Lady Gaga’s ‘flying dress’ makes headlines as ‘ARTPOP’ launches

Lady Gaga’s ‘flying dress’ makes headlines as ‘ARTPOP’ launches

GAGA'S LATEST DRESS: Lady Gaga prepares to fly with the Volantis, a flying dress, at the "artRave" release event of her new album "ARTPOP" in New York Nov. 10. Photo: Reuters/Andrew Kelly

By Chris Michaud

NEW YORK (Reuters) – On the eve of her fourth studio album’s release, pop diva Lady Gaga lived up to her reputation for doing things on a grand scale on Sunday as she donned what she called the world’s first flying dress.

Gaga, known as much for her off-the-wall performances and outrageous costumes as for her music, was strapped into a contraption mounted on a flat disk and fronted by a molded body suit. It hoisted her aloft before a horde of media and industry types.

The dress, which she dubbed “VOLANTIS,” may only have risen a few feet off the ground and propelled her perhaps 20 feet before alighting. But no matter, Gaga was, well, gaga, letting out a joyous screech after her “flight” in a warehouse at the decidedly unglamorous Brooklyn Navy Yard.

Calling VOLANTIS “an amazing ambassador for creativity, Gaga, born Stefani Germanotta, said that while her latest sartorial statement “is a vehicle, she essentially is a metaphor for me.” She explained that Gaga was serving as a voice for “the youth of the world,” especially those “who don’t think they’ll ever penetrate the corporate world.”

The pop star has made world youth, especially the disenfranchised, a personal cause. Among other initiatives, she has set up a foundation and lobbied extensively against bullying.

In a message to young fans around the world, she said: “Harness your creativity, harness your invention, and know that you are valuable.”

The event was one of many over several days that Gaga has staged in conjunction with the U.S. launch of ARTPOP, which will be released on Monday after a delay owing to a hip injury.

Gaga has described ARTPOP as “a celebration and a poetic musical journey” marked by a “lack of maturity and responsibility.” On Sunday night she noted “the album’s a little chaotic,” adding “there’s a mathematics, a physics about it,” which she saw as tying in nicely with her flying machine.

“It’s not really about me at all … This is not about money and mass production,” she said. “It’s about moving the world away from a place of vanity and ego.”

Nonetheless, Gaga, named the top-earning musician under 30 by Forbes with an estimated take of $80 million last year, teamed up with Jeff Koons, often lauded by also criticized as the most brazenly commercial of contemporary artists.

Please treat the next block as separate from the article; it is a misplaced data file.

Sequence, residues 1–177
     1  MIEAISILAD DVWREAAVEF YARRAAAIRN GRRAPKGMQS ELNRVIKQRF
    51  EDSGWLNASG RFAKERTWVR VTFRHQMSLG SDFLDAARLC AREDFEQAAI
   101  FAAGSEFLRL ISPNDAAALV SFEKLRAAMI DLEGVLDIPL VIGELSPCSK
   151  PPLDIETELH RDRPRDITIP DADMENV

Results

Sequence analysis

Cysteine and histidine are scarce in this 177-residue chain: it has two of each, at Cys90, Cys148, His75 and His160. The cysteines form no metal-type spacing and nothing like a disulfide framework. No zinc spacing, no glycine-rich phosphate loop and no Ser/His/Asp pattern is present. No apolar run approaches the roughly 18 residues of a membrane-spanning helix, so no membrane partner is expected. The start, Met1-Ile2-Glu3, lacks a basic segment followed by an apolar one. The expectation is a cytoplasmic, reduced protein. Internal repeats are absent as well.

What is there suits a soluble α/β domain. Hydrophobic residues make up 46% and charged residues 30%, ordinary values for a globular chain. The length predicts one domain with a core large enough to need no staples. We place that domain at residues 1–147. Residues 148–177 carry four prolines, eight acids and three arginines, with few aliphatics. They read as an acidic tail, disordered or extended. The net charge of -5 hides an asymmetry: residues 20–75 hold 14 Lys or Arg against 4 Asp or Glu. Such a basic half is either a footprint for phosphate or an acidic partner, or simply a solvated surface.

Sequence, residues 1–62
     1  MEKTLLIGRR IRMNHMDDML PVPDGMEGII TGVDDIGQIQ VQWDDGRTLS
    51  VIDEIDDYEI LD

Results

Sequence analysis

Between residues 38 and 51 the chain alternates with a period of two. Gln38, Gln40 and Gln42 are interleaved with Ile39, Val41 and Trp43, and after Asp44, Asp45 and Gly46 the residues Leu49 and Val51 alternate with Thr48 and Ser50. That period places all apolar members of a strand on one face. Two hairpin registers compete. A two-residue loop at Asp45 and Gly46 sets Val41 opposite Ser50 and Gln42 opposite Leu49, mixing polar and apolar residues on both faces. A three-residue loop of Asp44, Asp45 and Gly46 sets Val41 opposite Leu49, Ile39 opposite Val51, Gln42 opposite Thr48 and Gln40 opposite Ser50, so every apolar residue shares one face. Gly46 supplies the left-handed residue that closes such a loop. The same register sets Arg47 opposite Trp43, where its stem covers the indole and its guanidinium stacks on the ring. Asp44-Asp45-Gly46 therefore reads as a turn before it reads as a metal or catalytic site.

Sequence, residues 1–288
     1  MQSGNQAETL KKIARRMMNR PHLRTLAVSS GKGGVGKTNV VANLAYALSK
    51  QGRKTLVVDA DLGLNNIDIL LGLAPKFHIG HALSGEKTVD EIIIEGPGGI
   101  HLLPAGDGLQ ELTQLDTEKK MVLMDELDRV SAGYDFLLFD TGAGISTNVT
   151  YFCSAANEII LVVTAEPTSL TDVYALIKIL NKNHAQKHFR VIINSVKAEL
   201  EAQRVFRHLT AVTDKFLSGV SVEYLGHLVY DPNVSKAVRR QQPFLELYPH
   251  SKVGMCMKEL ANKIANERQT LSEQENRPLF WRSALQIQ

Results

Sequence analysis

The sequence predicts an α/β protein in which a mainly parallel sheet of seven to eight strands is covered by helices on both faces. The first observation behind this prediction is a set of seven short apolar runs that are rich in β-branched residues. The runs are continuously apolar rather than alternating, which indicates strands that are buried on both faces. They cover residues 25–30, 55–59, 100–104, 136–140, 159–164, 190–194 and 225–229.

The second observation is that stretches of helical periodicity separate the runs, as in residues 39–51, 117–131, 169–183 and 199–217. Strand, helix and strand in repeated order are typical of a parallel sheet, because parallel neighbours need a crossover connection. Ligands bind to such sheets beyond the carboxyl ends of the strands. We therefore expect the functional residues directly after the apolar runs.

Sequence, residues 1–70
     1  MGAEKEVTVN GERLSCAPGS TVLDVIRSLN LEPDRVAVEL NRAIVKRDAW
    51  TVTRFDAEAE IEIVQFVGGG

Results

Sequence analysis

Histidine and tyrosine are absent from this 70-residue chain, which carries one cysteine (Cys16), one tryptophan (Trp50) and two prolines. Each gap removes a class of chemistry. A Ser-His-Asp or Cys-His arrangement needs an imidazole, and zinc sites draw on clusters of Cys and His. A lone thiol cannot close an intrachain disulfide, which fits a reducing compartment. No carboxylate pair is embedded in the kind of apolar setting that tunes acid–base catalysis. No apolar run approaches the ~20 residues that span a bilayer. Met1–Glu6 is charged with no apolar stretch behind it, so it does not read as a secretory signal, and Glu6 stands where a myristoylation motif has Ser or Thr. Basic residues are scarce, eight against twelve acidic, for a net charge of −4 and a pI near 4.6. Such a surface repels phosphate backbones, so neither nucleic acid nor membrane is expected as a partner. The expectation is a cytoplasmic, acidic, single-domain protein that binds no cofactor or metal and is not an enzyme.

Koons designed the cover art for the album, as well as various art installations connected to its release. They include several monumental sculptures, which were on display on Sunday. One of those graces the “ARTPOP” cover and depicts Gaga with a reflective blue ball between her legs.

ARTPOP’s lead single, “Applause”, was released on August 12 and made it to number four on the U.S. Billboard Hot 100.

Recent Headlines

in Local Sports

Week 6 prep football scoreboard

Lynden's Jordan Wittenberg

Jordan Wittenberg ran for two touchdowns and caught another to lead Lynden past Burlington-Edison on KPUG.

in Sports

NLDS: DeGrom outduels Kershaw, Mets beat Dodgers; Lackey dominates, Cards blank Cubs


Game 2 of the best-of-five series is Saturday. The Cardinals turn to lefty Jaime Garcia against Kyle Hendricks for the NL wild-card winners. Zach Greinke starts for the Dodgers against Noah Syndergaard for the Mets.

in Local Sports

Jackson left mark on Seahawks in start against Bengals


"I don't think any of us that were there at the time will ever forget how we felt about him and the courage that he showed and the toughness he showed and the resourcefulness to throw a football in the NFL with a torn pec," head coach Pete Carroll said

in Sports

ALDS: Alberto, Rangers beat Blue Jays in 14th; Royals even series with Astros

Rangers win in extras - Twitter

The Rangers take a 2-0 lead back to Texas for game three on Sunday.

in Sports

Bae leads an International team rally amid Mickelson mistake at Presidents Cup


Phil Mickelson and Zach Johnson were assessed a one-hole penalty at No. 7 when Mickelson used a different model golf ball, ultimately costing the Americans the match.